Benedetta is a French biographical film starring Paul Verhoeven as a director and co-screenwriter, author of films such as Total Recall, Basic Instinct, RoboCop and others. The script is loosely based on a book Immodest Acts: The Life of a Lesbian Nun in Renaissance Italy American historian Judith Brown. The film premiered at the Cannes Film Festival, where it competed for the Palme d’Or, and Verhoeven gathered behind the camera the same team he worked with on his latest film, Elle.
Benedetta movie review, plot
The plot of the film is set at the beginning of the 17th century, and we follow the girl Benedetta Carlina, whom her parents place in a nunnery in the Italian city of Pesci as a sign of gratitude to God. The plot has been moving for several years and our protagonist (beautiful Virginia Efira) is now a girl who claims to have shocking religious visions, that Jesus sends messages through her and that her strong faith creates stigmata, wounds inflicted on Jesus when he was crucified. Other nuns respected her for her mystique, not knowing that Benedetta was involved in a lesbian affair with another nun.
Benedetta has been a sincere believer since she was a child and there is nothing controversial about that, but one of the main questions about her belief is whether she has really ever received any feedback from a divine entity. Signs of the presence of a higher power are constantly appearing in the monastery and according to some nuns they are miracles, while Abbess Felicity (Charlotte Rempling) is not very sure – Benedetta may have some mental health problems, may be mistaken, and may simply be cheat.
Reading how this film is full of scandalous and blasphemous scenes, I remembered the absolute champion of censorship, the paradoxically great 1971 film The Devils, which had a similar premise. In it, a Catholic priest, as a striking man, caught the eye of a scandalous nun whose years of celibacy will serve as a catalyst for his downfall, and there are inevitable political machinations and the good old exorcism of the devil. At the time, it was a very controversial study of female sexuality and a great cross-section of church hypocrisy, but compared to this film, The Devils it comes almost like Pocahontas.
The world that Verhoeven represents to us is a place of alleged faith that is constantly in conflict between its own divine purpose and the pragmatism of the existence of the world. While on the one hand we have young believers who are ready to dedicate their lives to the faith, on the other hand we have factors such as manipulation, reputation, money and politics of the monastery itself, the abbess and church dignitaries. The authors are not cynical and do not condemn the obvious hypocrisy of this world, and that is one of the great pluses of this film. In the background of the story lurks the spread of the plague that has spared Pesha so far, but it is only a matter of time before the disease will break through its walls.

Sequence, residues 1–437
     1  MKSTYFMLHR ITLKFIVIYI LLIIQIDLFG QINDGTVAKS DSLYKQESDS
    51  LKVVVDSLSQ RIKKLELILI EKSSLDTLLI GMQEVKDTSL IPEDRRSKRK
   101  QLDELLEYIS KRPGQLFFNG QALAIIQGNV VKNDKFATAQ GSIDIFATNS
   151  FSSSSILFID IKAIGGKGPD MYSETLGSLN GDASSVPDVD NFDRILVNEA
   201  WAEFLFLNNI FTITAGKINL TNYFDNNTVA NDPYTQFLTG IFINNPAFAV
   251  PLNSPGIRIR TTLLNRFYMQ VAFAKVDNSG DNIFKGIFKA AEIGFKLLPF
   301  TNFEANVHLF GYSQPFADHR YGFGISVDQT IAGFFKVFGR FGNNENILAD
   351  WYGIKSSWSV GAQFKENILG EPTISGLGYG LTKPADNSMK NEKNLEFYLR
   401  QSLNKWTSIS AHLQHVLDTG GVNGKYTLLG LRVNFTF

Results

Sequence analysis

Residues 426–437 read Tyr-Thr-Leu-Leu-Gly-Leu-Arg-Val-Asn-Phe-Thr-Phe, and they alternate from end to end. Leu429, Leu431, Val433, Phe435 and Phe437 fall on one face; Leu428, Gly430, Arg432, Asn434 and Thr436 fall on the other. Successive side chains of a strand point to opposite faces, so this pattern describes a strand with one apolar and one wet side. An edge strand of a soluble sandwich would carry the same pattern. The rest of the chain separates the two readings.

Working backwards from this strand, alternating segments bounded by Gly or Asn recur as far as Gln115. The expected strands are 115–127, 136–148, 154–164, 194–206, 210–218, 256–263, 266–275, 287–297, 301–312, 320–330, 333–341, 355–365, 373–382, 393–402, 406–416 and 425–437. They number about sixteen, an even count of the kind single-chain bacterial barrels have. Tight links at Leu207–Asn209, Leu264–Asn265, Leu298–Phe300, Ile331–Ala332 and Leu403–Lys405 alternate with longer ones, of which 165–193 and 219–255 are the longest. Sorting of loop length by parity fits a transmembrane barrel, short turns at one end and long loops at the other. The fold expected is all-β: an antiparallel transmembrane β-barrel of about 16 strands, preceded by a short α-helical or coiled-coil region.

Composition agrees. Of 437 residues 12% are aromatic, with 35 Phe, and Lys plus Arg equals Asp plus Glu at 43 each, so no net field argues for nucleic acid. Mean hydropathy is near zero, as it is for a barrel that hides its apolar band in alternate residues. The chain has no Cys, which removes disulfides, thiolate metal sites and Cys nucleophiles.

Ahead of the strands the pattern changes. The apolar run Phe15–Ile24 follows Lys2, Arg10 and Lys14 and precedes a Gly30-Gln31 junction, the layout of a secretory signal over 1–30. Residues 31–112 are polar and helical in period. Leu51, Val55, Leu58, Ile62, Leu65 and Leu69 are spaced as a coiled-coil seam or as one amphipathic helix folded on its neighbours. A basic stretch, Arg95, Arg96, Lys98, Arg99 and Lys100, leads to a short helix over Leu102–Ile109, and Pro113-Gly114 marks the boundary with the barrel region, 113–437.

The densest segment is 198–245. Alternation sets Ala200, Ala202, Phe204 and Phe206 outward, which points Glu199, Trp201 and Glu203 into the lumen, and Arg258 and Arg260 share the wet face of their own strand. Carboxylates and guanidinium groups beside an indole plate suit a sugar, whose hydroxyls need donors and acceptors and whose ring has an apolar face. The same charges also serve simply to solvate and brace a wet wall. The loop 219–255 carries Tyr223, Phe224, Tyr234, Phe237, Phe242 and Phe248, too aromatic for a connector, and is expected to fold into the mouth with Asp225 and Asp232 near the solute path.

For the story itself, the smoldering conflict between the divine and the human world is the basis of realism for all the characters, except for Benedict, who manages to unite the two worlds, if only for his own religious pleasure. However, her miniature hypocrisy is nothing compared to her unification of the divine and the corporeal with the arrival of the nun Bartholomew in the monastery – Benedetta is convinced that her love for Bartholomew is a reflection of divine love, but those who reveal the affair do not expect the same opinion.
The film fulfilled the potential of its unusual biographical story with a lot of melodrama and I was surprised that he mostly takes himself seriously, although there are several scenes that spoil that general impression and without which it was definitely possible. Paul Verhoeven is a filmmaker who does not shy away from scenes of violence or eroticism, and after reading the trivia I expected a lot of (unnecessary) scenes with naked nuns and I was not mistaken, but the filmmaker really takes time and effort to dissect the problems he deals with. Although not constant in terms of tone, atmosphere or even genre, the film raises clear questions about sexual freedom and its relationship to religion.
I understood the entire film primarily as a melodramatically realized biographical work, and then as a pure provocation aimed at systemic hypocrisy, moral tyranny and direct cruelty of the Catholic Church at that time. The authors do not offer us a definitive answer as to whether Benedict is a true or false prophet, but they confirm that it is the reason why other people have faith or want something from God – starting with priests who want to become a place of pilgrimage on foot, through nuns faith makes sense, all the way to the common people seeking protection from the plague. Benedetto’s behavior is a combination of facts and assumptions that the film completely rejects, and that is exactly what is to be commended.
Benedetta is a sensationalist and controversial biographical work that represents a rather depraved satire of religious chastity and which is much more than a “movie with lesbian nuns” as can be concluded from the promotional material. Release date: December 3, 2021 (United States). Final rating: 8/10
Benedetta movie cast and characters
- Virginie Efira as Benedetta Carlini
- Lambert Wilson as The Nuncio
- Daphne Patakia as Bartolomea
- Charlotte Rampling as The Abbess
- Olivier Rabourdin as Alfonso Cecchi
- Clotilde Courau as Midea Carlini, Benedetta’s mother
- David Clavel as Giuliano Carlini, Benedetta’s father
- Hervé Pierre as Paolo Ricordati
- Louise Chevillotte as nun Christina
- Guilaine Londez as nun Jacopa
- Lauriane Riquet as nun Roasanna
- Nicolas Gaspar as the mercenary captain